When my parents applied for their passports a couple years ago, my dad happened to show me his original birth certificate. The old Virginia birth certificates asked the mother and father to list their occupations. It caught my attention that my grandmother had written homemaker. It would have made just as much sense to write housewife, mother (after all, this was her 8th child!) or even none. But she chose to write homemaker.
In the last several years, when filling in that question on forms, I've written things like none, stay-at-home wife and mother, and PT school librarian. I'm never quite sure what to write! To be completely truthful, when I used to be able to write "HS English teacher," I took pleasure in the fact that people often acted interested in that description. But, it seems, "stay-at-home wife and mother" sounds a little... typical... boring... unambitious. So, while I strive to tell the truth, I always hesitate what to write. It also doesn't help that "occupation" sounds like something you get paid to do.
But, in actuality, Merriam-Webster defines "occupation" as "1. an activity in which one engages, 2. the principal business of one's life." And as any wife and/or mother who is at home most of the day will tell you, the "principal business," the thing that makes us most busy, is caring for the family's needs.
Those needs include everything from making sure everyone is fed, everyone has clothes to wear (ones that fit and ones that are clean), to being the main supervisor and caretaker of the children, to being my husband's personal home secretary - that means dealing with insurance or other business issues, making appointments, acting as the official "purchasing agent," and running errands that he asks me to do - and several other things in between. For the record, I list these without any resentment! I'm truly happy that I can help him and care for the kids!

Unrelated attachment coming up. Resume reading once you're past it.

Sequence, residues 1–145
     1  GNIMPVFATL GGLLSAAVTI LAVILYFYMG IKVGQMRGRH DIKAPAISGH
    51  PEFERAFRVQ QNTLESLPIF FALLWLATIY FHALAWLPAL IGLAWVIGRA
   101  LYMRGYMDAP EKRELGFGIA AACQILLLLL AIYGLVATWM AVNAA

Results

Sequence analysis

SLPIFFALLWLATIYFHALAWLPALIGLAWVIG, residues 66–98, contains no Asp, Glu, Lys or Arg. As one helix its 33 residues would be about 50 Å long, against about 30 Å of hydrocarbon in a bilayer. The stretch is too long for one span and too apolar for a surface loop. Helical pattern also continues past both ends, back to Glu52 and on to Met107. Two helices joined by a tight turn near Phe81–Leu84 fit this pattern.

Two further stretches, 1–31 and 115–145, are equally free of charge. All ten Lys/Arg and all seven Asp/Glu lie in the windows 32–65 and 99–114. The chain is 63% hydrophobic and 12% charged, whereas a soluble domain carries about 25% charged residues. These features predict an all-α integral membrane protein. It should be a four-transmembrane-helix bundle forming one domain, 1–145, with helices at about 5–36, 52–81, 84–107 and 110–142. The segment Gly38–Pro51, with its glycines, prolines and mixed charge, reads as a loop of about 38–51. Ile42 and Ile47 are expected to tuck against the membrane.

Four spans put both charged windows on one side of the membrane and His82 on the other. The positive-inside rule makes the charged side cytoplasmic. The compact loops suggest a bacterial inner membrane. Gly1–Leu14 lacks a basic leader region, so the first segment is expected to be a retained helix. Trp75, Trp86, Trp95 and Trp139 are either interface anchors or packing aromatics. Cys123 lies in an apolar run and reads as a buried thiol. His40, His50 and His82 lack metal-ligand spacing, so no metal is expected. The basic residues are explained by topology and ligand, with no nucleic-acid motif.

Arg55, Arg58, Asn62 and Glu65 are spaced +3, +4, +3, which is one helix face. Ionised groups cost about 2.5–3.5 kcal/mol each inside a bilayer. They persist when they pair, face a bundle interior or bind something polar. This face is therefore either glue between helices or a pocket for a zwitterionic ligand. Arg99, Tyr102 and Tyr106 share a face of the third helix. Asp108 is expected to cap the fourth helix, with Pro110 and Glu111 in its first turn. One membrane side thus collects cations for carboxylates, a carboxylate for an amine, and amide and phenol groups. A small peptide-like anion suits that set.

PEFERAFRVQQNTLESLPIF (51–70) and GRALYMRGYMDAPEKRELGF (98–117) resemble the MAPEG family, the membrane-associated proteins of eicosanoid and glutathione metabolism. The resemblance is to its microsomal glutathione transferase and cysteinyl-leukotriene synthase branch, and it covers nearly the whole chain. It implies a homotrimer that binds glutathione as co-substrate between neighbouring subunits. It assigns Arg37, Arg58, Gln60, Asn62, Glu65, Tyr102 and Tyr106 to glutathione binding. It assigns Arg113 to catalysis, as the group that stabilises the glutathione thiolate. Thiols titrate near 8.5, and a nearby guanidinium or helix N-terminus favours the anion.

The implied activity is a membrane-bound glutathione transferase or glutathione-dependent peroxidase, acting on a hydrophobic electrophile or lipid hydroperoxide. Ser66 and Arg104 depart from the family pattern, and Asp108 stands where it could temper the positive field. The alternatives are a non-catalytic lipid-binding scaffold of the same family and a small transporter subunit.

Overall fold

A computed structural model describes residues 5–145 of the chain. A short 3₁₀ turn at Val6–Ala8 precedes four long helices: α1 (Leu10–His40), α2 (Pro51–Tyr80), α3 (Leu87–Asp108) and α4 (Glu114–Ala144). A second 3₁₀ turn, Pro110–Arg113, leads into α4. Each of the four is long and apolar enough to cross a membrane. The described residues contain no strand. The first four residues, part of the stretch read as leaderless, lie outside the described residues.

So back to the "homemaker" label. Despite the fact that "homemaker" sounds right out of the 1940's, I think my grandmother had it right. More than that, though, doing the work of a "homemaker" is biblical.
"That they [the older women] may teach the young women to be sober, to love their husbands, to love their children, to be discreet, chaste, keepers at home [homemakers], good, obedient to their own husbands, that the word of God be not blasphemed." (Titus 2:4-5). So, whether or not employment enters the picture, "homemaker" must be part of my description. God gives me the responsibility (which may or may not include some delegation) of making and keeping a home for my family. But, ultimately, the responsibility for seeing there is a home made lies with me.
Because of the stage of life we're in, we've chosen to make homemaking my primary "occupation" for now. Now, I do hope there will be a day when I can again write "teacher" in the occupation box. But at this "season" in my life, I think the next time I'm asked, I'll write, like my grandmother, "homemaker." And I'll do it with thankfulness and satisfaction.
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